Criticism of Finland's Spring Hunting of Common Eider
By BirdLife Europe, Tue, 14/06/2011 - 08:02
The population of common eider Somateria mollissima in the Baltic Sea has dramatically declined over the last decades. Nevertheless, the local government of Åland, an autonomous group of islands belonging to Finland, has re-opened spring hunting of common eiders as of 1st of May. The BirdLife Partners in Denmark, Sweden and Finland protest against spring hunting and call for the EU to take action to protect this vulnerable population.
According to an article of Jan Skriver The population of common eiders has seen a serious crisis in the Baltic Sea in recent decades, and the breeding population has decreased by 40% since 1995, so almost by half in 15 years. However, this situation has not prevented the local Government of Åland, an autonomous Finnish archipelago in the Baltic Sea, from reintroducing the authorisation of spring hunting of common eider with effect from 1. May 2011 and violating the EU Birds Directive.
As birds are busy with their breeding activities, hunters on the archipelago, which consists of 6500 islands and reefs in the northern part of the Baltic Sea, can shoot adult males. According to scientists, this has a damaging effect on the population, as widowed females produce fewer ducklings. There are many reasons to condemn the spring hunting of common eiders. The authorisation of shooting the birds in the breeding season is an expression of bad management. As the common eider suffers a strong decline in the Baltic Sea in general and in Finland in particular, this authorisation appears unfair and contradictory to modern and decent nature management, says Egon Østergaard, Chairman of the board for Dansk Ornitologisk Forening (DOF) – BirdLife Denmark.
Furthermore, the authorisation of the spring hunting has also negative effects on other species in the territory, also vulnerable in this season, as it disrupts and distracts their breeding opportunities. Currently only Finland and Malta are the only countries in the EU that tolerate this unjustified spring hunting practice. BirdLife Finland has worked during the last years in order to ban spring hunting definitively in Finland. Last spring, when Åland decided to reopen spring hunting of common eiders, BirdLife Finland submitted a complaint to the European Commission.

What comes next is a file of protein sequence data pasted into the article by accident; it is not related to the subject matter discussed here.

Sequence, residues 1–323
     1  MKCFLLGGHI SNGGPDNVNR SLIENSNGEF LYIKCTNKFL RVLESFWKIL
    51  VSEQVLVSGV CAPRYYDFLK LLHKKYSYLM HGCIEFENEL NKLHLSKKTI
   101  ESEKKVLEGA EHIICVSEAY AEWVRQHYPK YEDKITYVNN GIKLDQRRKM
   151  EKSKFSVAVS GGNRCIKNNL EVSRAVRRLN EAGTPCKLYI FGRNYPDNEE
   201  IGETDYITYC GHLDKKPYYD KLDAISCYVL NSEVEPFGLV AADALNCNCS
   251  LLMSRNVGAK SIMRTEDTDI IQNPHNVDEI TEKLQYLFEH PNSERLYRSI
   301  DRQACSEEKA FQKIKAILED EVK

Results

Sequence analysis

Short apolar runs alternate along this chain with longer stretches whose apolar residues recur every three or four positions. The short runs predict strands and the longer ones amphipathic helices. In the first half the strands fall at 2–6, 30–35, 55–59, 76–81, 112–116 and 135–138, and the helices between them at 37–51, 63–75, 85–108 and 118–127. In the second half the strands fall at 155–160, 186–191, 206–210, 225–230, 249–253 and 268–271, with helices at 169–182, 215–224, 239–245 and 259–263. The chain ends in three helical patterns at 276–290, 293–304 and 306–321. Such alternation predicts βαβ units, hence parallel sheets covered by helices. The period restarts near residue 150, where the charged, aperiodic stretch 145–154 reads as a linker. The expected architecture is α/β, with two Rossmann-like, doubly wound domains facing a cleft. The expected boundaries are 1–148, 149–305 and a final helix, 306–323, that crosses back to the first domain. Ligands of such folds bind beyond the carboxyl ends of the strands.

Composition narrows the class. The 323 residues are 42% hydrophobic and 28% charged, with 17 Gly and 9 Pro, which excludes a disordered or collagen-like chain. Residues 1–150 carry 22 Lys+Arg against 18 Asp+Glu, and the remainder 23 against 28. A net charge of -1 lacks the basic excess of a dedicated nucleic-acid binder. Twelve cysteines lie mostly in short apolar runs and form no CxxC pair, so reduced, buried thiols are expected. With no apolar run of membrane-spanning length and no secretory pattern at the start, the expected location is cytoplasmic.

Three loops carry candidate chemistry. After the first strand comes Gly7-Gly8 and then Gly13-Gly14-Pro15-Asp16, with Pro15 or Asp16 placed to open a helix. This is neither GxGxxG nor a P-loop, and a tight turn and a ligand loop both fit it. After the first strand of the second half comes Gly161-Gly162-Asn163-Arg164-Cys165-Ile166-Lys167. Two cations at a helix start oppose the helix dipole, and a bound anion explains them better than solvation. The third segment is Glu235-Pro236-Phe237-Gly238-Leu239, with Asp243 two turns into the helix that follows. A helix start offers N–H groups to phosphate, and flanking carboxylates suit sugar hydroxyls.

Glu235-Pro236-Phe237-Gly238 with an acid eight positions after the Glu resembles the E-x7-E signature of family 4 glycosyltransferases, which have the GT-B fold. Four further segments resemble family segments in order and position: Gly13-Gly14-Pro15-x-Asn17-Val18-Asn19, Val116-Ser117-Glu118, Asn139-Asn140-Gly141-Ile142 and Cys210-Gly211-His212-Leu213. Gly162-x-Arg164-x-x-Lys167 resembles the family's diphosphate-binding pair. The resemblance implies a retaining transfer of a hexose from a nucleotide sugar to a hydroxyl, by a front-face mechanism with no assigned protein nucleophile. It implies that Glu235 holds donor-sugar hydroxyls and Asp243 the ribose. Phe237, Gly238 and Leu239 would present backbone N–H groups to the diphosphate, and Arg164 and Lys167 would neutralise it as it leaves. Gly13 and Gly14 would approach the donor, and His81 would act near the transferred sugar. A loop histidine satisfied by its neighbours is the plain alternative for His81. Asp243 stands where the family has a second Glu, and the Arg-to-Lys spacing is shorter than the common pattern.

The decision of re-opening spring hunting was based on a study that Åland authorities ordered to Uppsala University in Sweden. The purposeful report claims that eiders are very rare in Autumn, so Åland Authorities decided that autumn hunting did not offer a satisfactory alternative. Data collected by BirdLife Finland in the archipelago show that eiders are common in Autumn : flocks of hundred birds are always observed in this season. It’s quite evident that it would be preferable allowing hunting of eiders at this period than during spring, as it’s less harmful for both the eider population but also other species breeding in the archipelago. The EU Court of Justice’s declaration from 2005 made Finland put an end to spring hunting for common eider. However, Åland decided to reintroduce the criticized spring hunting for the declining common eider.
In Sweden there are strong critical voices against this decision. It is irresponsible to allow hunting during the breeding season, in particular if we take into account that the population of common eider has halved in the last few decades. The local Government of Åland has succumbed to a small yet influential hunting lobby, says Dennis Kraft on behalf of Sveriges Ornitologiska Förening (SOF) – BirdLife Sweden. The Swedish ornithologists invite the Swedish Minister for Environment to approach his Finnish colleague in order to discontinue spring hunting in Finland.
The common eider is a symbol for the whole Baltic Sea and the eiders on Åland belong to the same population as birds in the Stockholm Archipelago. Both biologically and ethically, it is wrong to hunt birds in their breeding season. This is taking toll on the core capital and not just the surplus, while by hunting in autumn one takes from the profit, says Dennis kraft from SOF. According to BirdLife Finland, the reintroduction of the spring hunting may be linked to the fact that certain political forces, who are against the Finnish Government’s nature protection with impetus in the EU, want to please voters with roots in old hunting traditions on the islands. It’s important to take it into account because there will have local elections on Åland island in the autumn. During the spring hunting season this year, almost 3000 hunters of Åland participated to the hunting; a quite high number for a population of about 27 000 inhabitants.